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Ed_David

Shooting at 200 ASA Again

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Out of likes. Great stuff. Yeah the old stuff is good, but heavy, really heavy, expensive, and kind of dangerous to boot. Yeah but as you said, sometimes less is better, even lesser cameras. I don't think living in a 8K world, or even higher is going to be some blessing in the long run. Maybe for open heart surgery cameras, but to be artistic, nah I doubt it.

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On 7/26/2018 at 2:58 PM, webrunner5 said:

Out of likes. Great stuff. Yeah the old stuff is good, but heavy, really heavy, expensive, and kind of dangerous to boot. Yeah but as you said, sometimes less is better, even lesser cameras. I don't think living in a 8K world, or even higher is going to be some blessing in the long run. Maybe for open heart surgery cameras, but to be artistic, nah I doubt it.

I wouldn't mind shooting at 14k - its more about how the camera sees light and shadows for me.

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I think a lot of it comes back to what they called the Thick Negative when I was young, and I guess it is a Thick Digital File today. It takes bit rate, high bit rates to make that happen. 12, 14, even 16 bit files.  And I argue low ISO even if it can go high. And well it has to be exposed right or you have wasted your time. Sure more resolution doesn't hurt either. But I think it may at times look too good. 35mm film for photos really is not as much resolution as people think. Micheal at Luminous Landscape pegged it at around 6 to 7 mp. Basically a Canon 20D. Now I am not sure how it equates to movies resolution wise?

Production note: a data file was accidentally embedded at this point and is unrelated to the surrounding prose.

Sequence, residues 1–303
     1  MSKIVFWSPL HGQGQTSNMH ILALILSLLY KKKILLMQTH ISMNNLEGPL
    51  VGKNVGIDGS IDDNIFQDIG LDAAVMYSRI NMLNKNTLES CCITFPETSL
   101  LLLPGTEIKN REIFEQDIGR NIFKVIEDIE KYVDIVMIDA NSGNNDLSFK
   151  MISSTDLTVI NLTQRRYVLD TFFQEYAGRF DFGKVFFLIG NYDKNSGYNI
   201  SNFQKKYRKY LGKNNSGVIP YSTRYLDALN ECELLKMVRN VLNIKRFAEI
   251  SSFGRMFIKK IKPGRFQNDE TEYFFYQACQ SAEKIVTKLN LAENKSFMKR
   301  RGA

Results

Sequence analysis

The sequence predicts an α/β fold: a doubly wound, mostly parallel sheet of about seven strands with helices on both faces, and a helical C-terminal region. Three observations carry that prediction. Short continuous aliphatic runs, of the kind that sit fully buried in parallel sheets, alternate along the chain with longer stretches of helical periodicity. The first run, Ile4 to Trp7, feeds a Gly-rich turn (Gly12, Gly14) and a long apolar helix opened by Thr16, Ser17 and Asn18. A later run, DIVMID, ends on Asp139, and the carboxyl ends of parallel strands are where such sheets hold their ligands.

The little BMPCC proves higher bit rates really work. Best bang for the buck I think ever made.  I hope like heck this New PK4 continues the look it had, and has. It appears like it maybe a ton better in low light, but you still need lighting to set the mood, highlight stuff, or it just looks flat and lifeless. No 3D feeling to it even if you use shallow DoF. Yep a nice set of those old tungsten Fresnel units would sure add to the look that is for sure. 

But pretty hard to do all that stuff solo, especially Run n Gun, but we keep getting better, cheaper, lighter tools to try and get that "Thick Negative"a lot of us are looking for.